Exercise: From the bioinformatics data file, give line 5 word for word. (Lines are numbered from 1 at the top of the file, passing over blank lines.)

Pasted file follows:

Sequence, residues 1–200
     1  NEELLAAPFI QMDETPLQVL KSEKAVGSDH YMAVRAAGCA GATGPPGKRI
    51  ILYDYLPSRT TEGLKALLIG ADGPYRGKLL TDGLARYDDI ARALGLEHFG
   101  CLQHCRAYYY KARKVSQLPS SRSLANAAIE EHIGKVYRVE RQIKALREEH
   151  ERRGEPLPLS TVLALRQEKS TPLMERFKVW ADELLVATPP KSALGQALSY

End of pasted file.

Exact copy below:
   151  ERRGEPLPLS TVLALRQEKS TPLMERFKVW ADELLVATPP KSALGQALSY